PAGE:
Josh and I are back!
Four countries, three languages, and one (very) delayed flight later and we are back home. Everything from our trip was such a learning experience and I would not have changed anything about it.
I am so excited to share with everyone details about our trip so that it can help you plan your next one.
As you saw from my previous post, Preparing for Europe, Josh and I spent about 3 weeks in Europe exploring Switzerland, France, London and Spain. We covered a lot of ground in a short amount of time, but, surprisingly, we never once felt overwhelmed or exhausted. Despite all the traveling, we felt very relaxed and energized by our trip. Maybe it’s because we were so excited or because we are young (side note: OMG guys, I am 27 now!?!), but I would recommend our itinerary.
I am planning to write a few blog posts about our trip, but I wanted to start off with the most important aspect for me since it was my first trip to Europe as an adult*. Here are 5 things I learned from my trip…
1) English is really a universal language, but that doesn’t mean you shouldn’t try your best to speak the native tongue!
Throughout our trip, we experienced three different languages: Spanish, French, and German. I, however, only speak English and really struggle with Spanish (but I am getting better!). So when we planned this trip, I was a little nervous. There was no way I was going to be able to tackle a new language fluently, especially not three!
I quickly learned that most people in Europe know a decent amount of English. This was reassuring for me, but it also made me feel incredibly guilty. Europe gave me the luxury of traveling to a different country where I could get by because someone else took the time to learn the language I speak.
So while it was incredibly helpful, I also made the effort to learn as much as I could while I was there. This usually meant that I would start the conversation with a simple hello in the local language and then the other person would ask me questions that I would either understand from context or body language. I would answer with a yes or a no, until they got to a point where I didn’t understand what they were asking anymore and I would have to say “Oh I am so sorry, my Spanish/French/German isn’t that good.” Everyone was very understanding and then they usually started speaking to me in English.
I had so much fun trying to learn each of these languages, although I must admit that German was the most difficult. While I have been learning Spanish to better communicate with Josh’s family, I realized during the trip that I LOVE French!
2) Staying in hostels and Airbnbs allowed us to ask locals what they recommend we should do, instead of just going to the common tourist spots.
Don’t get me wrong, we did a lot of touristy things! But we were able to ask the locals what they recommend and it really allowed us to get away from the crowds and enjoy our time.
We did a little bit of research before we left, of course, to see what there was to do so that we could choose where exactly we wanted to go, but we never had any set plans which allowed us to be open to recommendations. Even if we didn’t go to the exact place that was recommended (not sure why, but people usually recommend really fancy restaurants), it would lead us to different parts of the city/country that we might have otherwise overlooked.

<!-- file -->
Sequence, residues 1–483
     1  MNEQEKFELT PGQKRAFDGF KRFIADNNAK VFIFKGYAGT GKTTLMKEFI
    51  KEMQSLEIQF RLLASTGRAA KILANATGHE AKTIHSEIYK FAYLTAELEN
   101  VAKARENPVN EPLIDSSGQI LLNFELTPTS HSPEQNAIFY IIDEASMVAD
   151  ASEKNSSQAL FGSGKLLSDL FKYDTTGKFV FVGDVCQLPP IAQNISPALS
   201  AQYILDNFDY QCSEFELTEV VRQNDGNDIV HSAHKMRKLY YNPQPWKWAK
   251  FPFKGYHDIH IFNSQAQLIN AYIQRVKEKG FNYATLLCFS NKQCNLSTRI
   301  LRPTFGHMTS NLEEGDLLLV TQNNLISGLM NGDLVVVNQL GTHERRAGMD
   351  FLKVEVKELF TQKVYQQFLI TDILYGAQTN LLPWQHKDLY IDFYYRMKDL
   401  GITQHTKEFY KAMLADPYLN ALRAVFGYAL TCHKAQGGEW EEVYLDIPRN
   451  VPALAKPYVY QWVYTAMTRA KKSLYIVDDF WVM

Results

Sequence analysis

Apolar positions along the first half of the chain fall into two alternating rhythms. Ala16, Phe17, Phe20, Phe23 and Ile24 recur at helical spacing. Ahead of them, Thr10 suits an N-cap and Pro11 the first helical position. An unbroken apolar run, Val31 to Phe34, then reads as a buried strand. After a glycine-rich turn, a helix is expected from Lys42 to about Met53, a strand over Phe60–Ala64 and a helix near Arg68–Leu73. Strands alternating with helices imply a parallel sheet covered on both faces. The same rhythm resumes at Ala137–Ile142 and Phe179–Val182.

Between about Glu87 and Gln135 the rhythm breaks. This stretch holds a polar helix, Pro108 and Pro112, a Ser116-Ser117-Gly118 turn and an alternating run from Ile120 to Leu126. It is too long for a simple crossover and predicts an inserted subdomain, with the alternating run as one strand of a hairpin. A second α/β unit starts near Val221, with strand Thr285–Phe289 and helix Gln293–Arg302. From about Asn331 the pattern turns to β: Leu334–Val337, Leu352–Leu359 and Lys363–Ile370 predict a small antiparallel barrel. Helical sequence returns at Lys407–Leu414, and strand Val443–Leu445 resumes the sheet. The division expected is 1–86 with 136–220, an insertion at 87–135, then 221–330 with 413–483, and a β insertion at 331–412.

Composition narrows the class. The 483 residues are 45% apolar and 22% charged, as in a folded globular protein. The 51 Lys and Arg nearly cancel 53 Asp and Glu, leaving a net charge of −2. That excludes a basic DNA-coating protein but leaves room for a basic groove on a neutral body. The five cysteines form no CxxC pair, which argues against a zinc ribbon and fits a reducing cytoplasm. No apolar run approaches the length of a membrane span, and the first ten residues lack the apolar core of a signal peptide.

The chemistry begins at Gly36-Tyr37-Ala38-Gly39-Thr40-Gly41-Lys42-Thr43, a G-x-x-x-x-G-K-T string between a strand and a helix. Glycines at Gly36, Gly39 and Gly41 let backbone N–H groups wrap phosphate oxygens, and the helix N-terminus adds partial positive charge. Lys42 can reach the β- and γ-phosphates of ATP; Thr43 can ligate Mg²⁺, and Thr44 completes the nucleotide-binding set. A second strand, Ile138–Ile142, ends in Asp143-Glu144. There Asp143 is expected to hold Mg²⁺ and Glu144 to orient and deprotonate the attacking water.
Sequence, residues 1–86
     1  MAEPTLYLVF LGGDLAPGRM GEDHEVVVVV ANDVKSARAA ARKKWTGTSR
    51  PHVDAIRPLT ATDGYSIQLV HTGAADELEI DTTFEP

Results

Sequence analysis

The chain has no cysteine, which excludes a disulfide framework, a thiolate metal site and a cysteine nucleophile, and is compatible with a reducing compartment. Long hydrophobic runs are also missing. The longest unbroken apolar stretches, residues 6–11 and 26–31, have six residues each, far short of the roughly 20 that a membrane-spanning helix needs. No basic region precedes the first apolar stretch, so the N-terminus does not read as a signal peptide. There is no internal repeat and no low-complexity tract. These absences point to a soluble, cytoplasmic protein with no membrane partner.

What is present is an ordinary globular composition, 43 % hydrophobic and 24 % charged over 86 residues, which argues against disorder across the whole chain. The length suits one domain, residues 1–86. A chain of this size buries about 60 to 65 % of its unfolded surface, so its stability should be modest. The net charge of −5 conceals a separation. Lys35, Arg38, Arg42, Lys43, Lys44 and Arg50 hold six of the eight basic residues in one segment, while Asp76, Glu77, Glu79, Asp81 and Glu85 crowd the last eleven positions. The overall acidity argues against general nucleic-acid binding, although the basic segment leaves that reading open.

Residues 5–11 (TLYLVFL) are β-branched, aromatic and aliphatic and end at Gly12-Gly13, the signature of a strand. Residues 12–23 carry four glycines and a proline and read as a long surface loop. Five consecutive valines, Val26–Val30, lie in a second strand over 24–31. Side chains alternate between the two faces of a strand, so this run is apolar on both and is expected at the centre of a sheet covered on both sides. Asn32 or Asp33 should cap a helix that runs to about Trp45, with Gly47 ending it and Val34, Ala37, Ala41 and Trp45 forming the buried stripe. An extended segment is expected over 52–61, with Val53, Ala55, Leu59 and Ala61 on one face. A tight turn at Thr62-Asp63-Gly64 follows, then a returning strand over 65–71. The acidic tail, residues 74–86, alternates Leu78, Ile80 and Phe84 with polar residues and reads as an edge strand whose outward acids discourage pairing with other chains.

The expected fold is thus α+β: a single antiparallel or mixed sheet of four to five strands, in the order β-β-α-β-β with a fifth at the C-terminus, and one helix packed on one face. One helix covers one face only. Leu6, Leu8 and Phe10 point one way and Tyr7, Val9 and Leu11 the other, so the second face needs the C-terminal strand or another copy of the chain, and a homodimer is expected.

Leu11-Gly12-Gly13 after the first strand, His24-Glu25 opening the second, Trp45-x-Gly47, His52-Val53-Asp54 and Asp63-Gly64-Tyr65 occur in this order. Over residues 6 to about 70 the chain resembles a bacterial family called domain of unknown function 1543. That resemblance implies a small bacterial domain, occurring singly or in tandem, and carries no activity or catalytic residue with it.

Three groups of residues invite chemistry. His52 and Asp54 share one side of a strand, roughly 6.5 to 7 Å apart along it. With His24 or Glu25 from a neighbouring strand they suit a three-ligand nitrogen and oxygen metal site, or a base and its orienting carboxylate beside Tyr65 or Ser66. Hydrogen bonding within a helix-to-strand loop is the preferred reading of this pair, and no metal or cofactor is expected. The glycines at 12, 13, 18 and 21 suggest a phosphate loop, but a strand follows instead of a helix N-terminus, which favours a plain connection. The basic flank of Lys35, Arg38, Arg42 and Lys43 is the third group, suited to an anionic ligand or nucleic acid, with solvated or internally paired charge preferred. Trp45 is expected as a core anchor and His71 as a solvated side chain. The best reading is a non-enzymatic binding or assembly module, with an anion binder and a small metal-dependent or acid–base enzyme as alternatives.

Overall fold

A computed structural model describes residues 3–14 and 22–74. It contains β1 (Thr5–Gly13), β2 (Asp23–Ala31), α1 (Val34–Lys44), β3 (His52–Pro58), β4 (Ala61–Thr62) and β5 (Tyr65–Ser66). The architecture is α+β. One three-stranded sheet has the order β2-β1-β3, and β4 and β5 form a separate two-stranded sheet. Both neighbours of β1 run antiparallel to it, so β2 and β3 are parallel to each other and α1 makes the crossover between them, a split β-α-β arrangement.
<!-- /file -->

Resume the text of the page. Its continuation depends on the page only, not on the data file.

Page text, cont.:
3) Trying the signature local foods is a must!
This was pretty obvious to me before we left, but I would also like to add that you should not purchase the signature local foods in the tourist hot spots!! It will most likely be overpriced, not authentic, and crazy busy.
Signature meals we had:
Annecy, France: Anything (and they serve just about everything) with Reblochon cheese
Paris, France: Pan au Chocolat (chocolate croissant)
London, England: INDIAN FOOD, INDIAN FOOD, INDIAN FOOD
Barcelona Spain: Paella and Crema Catalana
I would also highly recommend trying the coffee in every country. As a coffee obsessed human, I loved the coffee everywhere we went.
4) Bring an extra bag for souvenirs and gifts!
This is something we did not plan very well. We ended up having to borrow a bag from Josh’s family because we bought so many gifts that we were over the luggage weight limit.
Normally we don’t buy souvenirs. Or, if we do, they are very small. So when we came back with 3 bottles of wine, ceramic bowls, and a wheel of cheese, we couldn’t help but give each other that “what have we done” look when we were packing our last night.
If you are arriving and leaving from the same place, but don’t want to carry your bag while you are traveling, I would recommend leaving your extra bag in a locker. In Barcelona, we use a locker to store our climbing gear while we traveling, so that we could use it when we got back. If you ask, most places will give you a discount for long-term stays.
5) Pack for every kind of weather, not just what the weather channel says.
For this trip, I packed very light, with only 6 shirts, 3 pairs of pants, and 3 jackets. Before I left, I checked the weather and it said that it was going to be rainy and mild temperature. Not to mention, everyone kept telling me how cold it gets in England.
So of course, I packed sweaters and long sleeve t-shirts. Turns out, it was really warm and the only thing that I had to keep me cool was one short sleeve shirt. I had to use my sleep t-shirt on some days because it was just so flippin’ hot! I also had to carry extra weight from the jackets that I packed, which felt like a lot in those hot temps!
But when it did rain, we knew how to have a good time…
*I went to Germany for a week when I was 13 for my sister’s wedding. Other than that, I have not traveled outside of the US.
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